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View Full Version : Grubbs, how can I treat this myself?


PROCUTSLAWNCARE
03-28-2005, 04:57 PM
I know they make a grubb control you can spread in a fertilizer spreader, does this work, if not what can I do for this. A customer called today and was wodering if she needs to call chemlawn or can I do something for her.

Does the store bought stuff work or do I need to make a call to chemlawn???

Thanks

LB1234
03-28-2005, 05:08 PM
Ohio may require you to have a liscense for 'pesticide' applications...which is what you are looking for. Chances are if you are asking what to do then you don't have one...not sure what the law is in your state.

PROCUTSLAWNCARE
03-28-2005, 05:12 PM
I dont get into heavy ferts or pests. that often. I will throw down some scotts for a customer if they ask but I try not to get to involved with that. I am thinking of getting a lic. though?

any ideas for the grubbs?

LB1234
03-28-2005, 05:19 PM
Personally I subcontract out my fertilizer/pesticide services cause they have the liscense, insurance, and equipment to do the job. I don't agree with what you're doing...even if its just "for a customer that asks" but hey...its your business...

And yes, they sell stuff in homeripoff and blowes for grubs...comes in a granual form. I believe to be most effective you need to place it down in late summer (???)...something to do with when the beetles go back into the ground and lay there eggs...which turn into grubs...can someone confirm?

Mark McC
03-28-2005, 05:21 PM
There is some fairly standard grub control stuff all over the place. Shoot, you can get it at Lowe's if there's no Lesco place nearby.

For long-term treatment, you pretty much have to go with milky spore, but to knock the blighters down quick, you'll need something with imidacloprid. Maybe another chemical out there that'll work as well, I dunno. It's not a big deal.

slicksilverado01
03-28-2005, 06:54 PM
Well my lawn/landscape insurance covers dry fert and pest but doesnt cover liquid. I found that out just a few months ago. I also found out it covers for tree removel as long the tree is already on ground. I use to have 1/2 mill liability but this year I increased it to 1 mill cause half the commerical jobs I got this year require it.

lordohturf
03-28-2005, 09:29 PM
In Ohio you need a license to treat grubs or any other pest professionally. The info covered in the study material for the State Test covers grubworm seasonal changes and controls.
You run the risk of fines or at least a good wrist slapping if you get caught.

Also important, if you don't understand the problem, you will be less likely to know how and when and how much to control them. Merit or Mach 2 offer season long control of grubs if applied at the right time and the right rate.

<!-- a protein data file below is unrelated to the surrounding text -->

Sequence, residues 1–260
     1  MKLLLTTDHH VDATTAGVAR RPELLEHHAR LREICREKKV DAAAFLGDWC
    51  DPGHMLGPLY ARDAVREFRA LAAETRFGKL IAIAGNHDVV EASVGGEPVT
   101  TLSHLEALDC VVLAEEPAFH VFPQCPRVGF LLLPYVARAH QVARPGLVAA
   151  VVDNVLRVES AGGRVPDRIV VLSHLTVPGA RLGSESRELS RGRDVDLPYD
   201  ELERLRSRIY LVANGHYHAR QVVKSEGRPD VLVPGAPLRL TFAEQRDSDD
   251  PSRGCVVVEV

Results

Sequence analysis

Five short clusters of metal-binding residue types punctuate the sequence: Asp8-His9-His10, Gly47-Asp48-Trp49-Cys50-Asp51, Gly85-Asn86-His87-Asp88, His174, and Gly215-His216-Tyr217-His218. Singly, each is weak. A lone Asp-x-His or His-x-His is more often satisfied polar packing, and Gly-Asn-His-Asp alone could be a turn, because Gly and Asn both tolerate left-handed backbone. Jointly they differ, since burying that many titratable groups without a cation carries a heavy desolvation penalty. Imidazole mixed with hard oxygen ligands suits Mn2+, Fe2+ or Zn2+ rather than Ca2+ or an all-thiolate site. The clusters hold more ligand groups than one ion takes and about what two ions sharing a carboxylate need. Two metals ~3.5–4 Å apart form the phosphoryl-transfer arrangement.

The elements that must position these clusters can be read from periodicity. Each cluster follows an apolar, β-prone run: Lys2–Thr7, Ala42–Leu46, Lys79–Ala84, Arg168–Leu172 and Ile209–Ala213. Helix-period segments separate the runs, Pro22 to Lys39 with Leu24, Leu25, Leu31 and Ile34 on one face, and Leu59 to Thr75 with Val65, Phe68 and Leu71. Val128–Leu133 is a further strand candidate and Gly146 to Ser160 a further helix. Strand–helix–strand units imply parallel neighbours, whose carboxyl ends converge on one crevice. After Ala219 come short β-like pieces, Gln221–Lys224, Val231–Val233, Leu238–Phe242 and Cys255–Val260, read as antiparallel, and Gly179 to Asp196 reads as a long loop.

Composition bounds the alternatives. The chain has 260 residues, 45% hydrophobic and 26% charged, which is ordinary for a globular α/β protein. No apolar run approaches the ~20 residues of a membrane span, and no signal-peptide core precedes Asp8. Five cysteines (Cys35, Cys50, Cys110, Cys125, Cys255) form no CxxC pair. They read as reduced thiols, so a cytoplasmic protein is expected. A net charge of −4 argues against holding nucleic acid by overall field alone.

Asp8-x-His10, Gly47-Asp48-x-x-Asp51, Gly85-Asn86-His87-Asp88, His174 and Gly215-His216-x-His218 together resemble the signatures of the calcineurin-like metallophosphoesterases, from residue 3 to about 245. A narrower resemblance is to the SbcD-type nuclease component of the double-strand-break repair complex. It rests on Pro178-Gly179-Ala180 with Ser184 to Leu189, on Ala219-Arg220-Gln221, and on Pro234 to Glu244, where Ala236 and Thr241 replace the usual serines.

In Northern Ohio you probably would be best off with a June application. If using Merit, make sure it is watered in with at least 1" of water with a few days of application for best results.

PROCUTSLAWNCARE
03-28-2005, 09:44 PM
Thanks guys,

My best bet it too just tell my cust. to call a lic. pro in the field and get it done right. I was just trying to help her out and keep all the work fairly cheap for her.

Thanks for the info....

Big Hoss
03-28-2005, 09:54 PM
You need to take the Core test and The Turfgrass test. Contact your local extension office or the Ohio Department of Agriculture.
Good Luck!
Big Hoss
Core
5,6a,6c,7,8

marko
03-29-2005, 08:55 AM
Call a pro! If she has grubs, they will come up for a minor feeding this spring, but rarely do damage. They will go back down and prepare for emergence later in the summer. The damaging feedings are in the fall and to control these, I have found Merit is the best. I would shy away from Chemlawn doing the applying as it is a pretty specific science and the timing is important. It needs to be watered in good, and lawn clippings are "suppose" to be left on the lawn for several weeks (not sure of the exact time frame). Application should go down no later than July 4th.

Chris Wagner
03-29-2005, 06:03 PM
I agree with the damage done in the spring time... it will be very minimal as the grass quickly recovers.

Watch out in the Fall time!! What type of grub is it? True white grub?

slicksilverado01
03-29-2005, 06:43 PM
Well my lawn/landscape insurance covers dry fert and pest but doesnt cover liquid. I found that out just a few months ago. I also found out it covers for tree removel as long the tree is already on ground. I use to have 1/2 mill liability but this year I increased it to 1 mill cause half the commerical jobs I got this year require it.

my bad I just checked with lawn/ landscape insurance again and in chemicals it covers only dry fert.

Garth
03-29-2005, 06:48 PM